Enrique Marquez, a former neighbor of Farook, told investigators he and his friend previously built pipe bombs, law enforcement officials said.
Marquez said he had nothing to do with devices found at the home of Farook and Malik, or the ones that apparently failed to go off at the site of the shooting, the officials said.
Marquez, who has spent several days being voluntarily interviewed by the FBI, portrayed the two men as hobbyists experimenting with building the devices, the officials told CNN.
He also boasted, one official said, that if he had made the bombs they would have gone off.
He previously said that he and Farook conceived a terror plot in 2012, but abandoned their plans after the FBI arrested an unrelated group in Riverside.
Marquez has emerged as a person of interest in the San Bernardino shootings because he bought rifles used in the attack.
He checked himself in to a mental health facility after the San Bernardino attack. He has not been charged with a crime.
Divers search a small lake near where shooters had been, the FBI says
Divers ended Friday evening a second search of a small lake in a park a few miles from San Bernardino's Inland Regional Center, where 14 people were killed last week.
David Bowdich, the assistant director in charge of the FBI's Los Angeles office, wouldn't comment on what they were looking for. But he said Farook and Malik were in the area "at some point," without specifying if this was before or after the massacre.
One of the items divers likely are looking for is a missing hard drive from the couple's computer. Investigators believe the hard drive was removed as a way to cover up the crime.
Bowdich has said the search will take several days.
Farook was in the same 'social circle' as convicted terrorist, FBI believes
The FBI believes
Farook had ties to a group of jihadists in California who were arrested in 2012 for attempting to travel to Afghanistan to join al Qaeda.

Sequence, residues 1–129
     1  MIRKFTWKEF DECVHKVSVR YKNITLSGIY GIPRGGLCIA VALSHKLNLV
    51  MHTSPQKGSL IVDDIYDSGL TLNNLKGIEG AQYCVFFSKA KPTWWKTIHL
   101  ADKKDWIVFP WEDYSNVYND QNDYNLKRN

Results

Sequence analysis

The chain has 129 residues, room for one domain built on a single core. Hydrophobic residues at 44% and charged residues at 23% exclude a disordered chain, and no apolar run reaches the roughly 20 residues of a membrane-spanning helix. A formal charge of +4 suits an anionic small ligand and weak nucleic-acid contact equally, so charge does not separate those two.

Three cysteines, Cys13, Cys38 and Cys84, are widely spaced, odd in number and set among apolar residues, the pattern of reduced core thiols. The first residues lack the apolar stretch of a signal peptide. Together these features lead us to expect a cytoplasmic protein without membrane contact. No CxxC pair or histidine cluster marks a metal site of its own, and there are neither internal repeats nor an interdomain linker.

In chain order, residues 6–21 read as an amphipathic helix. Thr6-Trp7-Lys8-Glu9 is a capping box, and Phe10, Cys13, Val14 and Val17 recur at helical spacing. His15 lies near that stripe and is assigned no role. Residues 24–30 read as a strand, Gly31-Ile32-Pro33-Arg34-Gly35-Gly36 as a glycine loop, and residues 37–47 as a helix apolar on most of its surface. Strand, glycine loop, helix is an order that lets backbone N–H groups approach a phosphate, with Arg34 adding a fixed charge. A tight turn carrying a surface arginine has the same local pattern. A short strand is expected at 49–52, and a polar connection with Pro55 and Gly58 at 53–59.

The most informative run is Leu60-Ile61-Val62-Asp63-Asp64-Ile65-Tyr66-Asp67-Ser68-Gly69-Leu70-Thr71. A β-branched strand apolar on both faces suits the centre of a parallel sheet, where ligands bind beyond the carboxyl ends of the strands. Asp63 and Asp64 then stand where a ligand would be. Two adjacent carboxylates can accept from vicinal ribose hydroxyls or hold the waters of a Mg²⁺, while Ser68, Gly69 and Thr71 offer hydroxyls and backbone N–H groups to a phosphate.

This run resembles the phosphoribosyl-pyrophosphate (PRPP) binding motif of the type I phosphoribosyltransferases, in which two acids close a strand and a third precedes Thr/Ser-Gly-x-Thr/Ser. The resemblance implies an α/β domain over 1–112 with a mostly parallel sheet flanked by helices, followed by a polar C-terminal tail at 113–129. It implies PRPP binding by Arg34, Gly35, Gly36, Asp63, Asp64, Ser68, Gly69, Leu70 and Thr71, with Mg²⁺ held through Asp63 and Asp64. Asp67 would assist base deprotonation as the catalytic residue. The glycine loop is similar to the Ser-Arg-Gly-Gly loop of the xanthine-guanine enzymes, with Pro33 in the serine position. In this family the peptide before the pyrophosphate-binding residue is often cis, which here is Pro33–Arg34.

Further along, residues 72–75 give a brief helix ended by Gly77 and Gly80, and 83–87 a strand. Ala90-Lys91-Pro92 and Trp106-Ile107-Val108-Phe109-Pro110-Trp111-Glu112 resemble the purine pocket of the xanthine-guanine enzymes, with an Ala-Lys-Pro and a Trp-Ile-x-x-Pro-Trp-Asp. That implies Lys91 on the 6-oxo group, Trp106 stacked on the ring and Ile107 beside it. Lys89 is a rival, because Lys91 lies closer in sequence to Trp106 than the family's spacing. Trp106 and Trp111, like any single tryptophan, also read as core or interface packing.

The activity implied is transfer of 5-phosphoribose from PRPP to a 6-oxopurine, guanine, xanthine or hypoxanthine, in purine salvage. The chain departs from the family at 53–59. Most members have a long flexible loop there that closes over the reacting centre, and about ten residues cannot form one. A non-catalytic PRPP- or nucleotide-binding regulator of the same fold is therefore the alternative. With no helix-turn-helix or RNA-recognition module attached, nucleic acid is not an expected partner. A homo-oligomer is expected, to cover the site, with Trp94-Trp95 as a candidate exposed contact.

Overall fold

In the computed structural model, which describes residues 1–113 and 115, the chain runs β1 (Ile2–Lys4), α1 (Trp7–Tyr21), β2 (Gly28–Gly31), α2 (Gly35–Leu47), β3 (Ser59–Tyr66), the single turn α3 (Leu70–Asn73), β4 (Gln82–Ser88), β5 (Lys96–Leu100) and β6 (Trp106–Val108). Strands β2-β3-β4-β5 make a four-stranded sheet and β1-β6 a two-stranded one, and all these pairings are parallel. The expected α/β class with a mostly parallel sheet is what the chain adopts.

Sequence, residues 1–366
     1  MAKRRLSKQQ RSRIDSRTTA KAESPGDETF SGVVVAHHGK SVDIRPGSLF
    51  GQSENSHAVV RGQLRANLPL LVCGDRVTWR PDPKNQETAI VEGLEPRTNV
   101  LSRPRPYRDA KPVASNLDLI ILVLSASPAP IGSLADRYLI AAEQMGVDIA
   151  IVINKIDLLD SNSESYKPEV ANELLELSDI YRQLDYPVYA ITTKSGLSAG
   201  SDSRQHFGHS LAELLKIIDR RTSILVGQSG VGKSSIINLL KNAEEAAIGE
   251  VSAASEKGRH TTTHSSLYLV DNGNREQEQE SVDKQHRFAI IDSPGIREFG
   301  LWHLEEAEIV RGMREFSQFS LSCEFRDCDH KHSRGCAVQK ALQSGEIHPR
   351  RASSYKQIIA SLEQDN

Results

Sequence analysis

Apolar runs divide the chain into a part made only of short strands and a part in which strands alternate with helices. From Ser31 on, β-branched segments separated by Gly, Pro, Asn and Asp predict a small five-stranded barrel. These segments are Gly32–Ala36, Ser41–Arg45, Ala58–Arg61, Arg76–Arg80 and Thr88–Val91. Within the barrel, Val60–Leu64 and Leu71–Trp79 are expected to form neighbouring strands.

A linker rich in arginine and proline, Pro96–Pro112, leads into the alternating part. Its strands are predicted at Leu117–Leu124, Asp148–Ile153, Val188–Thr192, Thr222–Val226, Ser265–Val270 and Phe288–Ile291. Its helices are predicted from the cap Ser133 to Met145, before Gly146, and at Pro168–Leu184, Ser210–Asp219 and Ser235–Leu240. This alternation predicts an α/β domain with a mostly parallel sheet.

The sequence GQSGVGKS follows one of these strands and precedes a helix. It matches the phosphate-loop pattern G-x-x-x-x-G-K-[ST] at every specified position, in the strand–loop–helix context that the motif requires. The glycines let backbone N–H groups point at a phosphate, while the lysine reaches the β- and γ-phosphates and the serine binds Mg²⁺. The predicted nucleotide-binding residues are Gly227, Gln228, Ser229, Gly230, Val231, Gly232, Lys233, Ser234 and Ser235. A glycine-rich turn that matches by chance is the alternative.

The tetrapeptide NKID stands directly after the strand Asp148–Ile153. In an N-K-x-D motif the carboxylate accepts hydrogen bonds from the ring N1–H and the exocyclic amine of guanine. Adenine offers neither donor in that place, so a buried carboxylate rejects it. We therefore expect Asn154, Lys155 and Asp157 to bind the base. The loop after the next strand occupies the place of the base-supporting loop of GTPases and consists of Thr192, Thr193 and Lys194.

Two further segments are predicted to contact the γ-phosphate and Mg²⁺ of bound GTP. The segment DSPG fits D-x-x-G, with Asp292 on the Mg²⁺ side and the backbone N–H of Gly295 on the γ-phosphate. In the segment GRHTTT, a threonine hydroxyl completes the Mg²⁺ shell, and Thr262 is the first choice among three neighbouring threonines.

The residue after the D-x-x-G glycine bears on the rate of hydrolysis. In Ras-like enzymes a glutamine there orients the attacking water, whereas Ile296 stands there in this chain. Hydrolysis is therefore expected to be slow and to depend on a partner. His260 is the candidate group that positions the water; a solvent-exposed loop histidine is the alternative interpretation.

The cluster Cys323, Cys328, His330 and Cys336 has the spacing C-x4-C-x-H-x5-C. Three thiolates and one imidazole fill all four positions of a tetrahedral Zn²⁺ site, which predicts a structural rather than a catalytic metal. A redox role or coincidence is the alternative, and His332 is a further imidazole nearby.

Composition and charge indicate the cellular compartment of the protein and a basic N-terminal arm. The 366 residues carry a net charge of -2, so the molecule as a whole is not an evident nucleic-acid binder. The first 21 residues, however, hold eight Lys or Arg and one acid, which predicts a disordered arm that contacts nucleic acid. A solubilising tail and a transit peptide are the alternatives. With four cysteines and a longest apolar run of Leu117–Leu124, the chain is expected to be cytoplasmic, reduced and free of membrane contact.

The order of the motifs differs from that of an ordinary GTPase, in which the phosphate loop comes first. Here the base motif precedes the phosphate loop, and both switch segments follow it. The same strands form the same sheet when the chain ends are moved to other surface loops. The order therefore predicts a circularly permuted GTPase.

Specifically, investigators are taking a new look at one of the four men who was arrested in the 2012 case, Sohiel Kabir. Kabir, who was convicted and sentenced to 25 years in prison, was the recruiter who helped radicalize others.
The 2012 probe happened in Riverside, California, not far from San Bernardino. Farook was in the social circle of Kabir, officials told CNN.
The FBI initially investigated five men as part of the Riverside group. The fifth wasn't arrested and hasn't been identified. But Farook was not among those investigated at the time, the officials said.
Previously this week
The FBI has recovered some electronic communication from killers, officials say
Farook and Malik tried to destroy their electronic tracks, but the FBI has been able to recover some of those communications, two law enforcement officials told CNN.
FBI Director James Comey told a Senate hearing Wednesday the agency has found online discussions about jihad between Farook and Malik from late 2013, before they began dating.
Online communications recovered so far indicate that the two killers had become radicalized long before carrying out last week's attack.
The FBI is still trying to recover information from two smashed cell phones found in a garbage can near the home.
A man thought to be Farook went to a gun range -- alone -- days before the attack, a source says
A man believed to be Farook visited the Magnum Shooting Range in Riverside, California, alone on the Sunday and Monday prior to the December 2 attacks in San Bernardino, according to a source familiar with the matter.
He practiced shooting an AR-15. The source said sign-in logs at the range were paired with surveillance video that have been turned over to the FBI. The FBI was at the range Monday night asking questions and showing pictures of another male (not Farook), asking if that man had ever been to the range.
Officials: While the shooting was happening, Malik pledged allegiance to ISIS in a Facebook post
As the San Bernardino attack was happening, investigators believe Malik posted on Facebook pledging allegiance to ISIS leader Abu Bakr al-Baghdadi, three U.S. officials familiar with the investigation told CNN.
Malik posted the comment, but it was made on an account with a different name, one U.S. official said. The officials did not explain how they knew Malik made the post.
"There was a post that went up around 11 a.m. PT on the account Wednesday that violated the company's community standards (those standards prohibit people using Facebook to promote terrorism or celebrate/glorify violence)," a Facebook official told CNN. "It was taken down Thursday."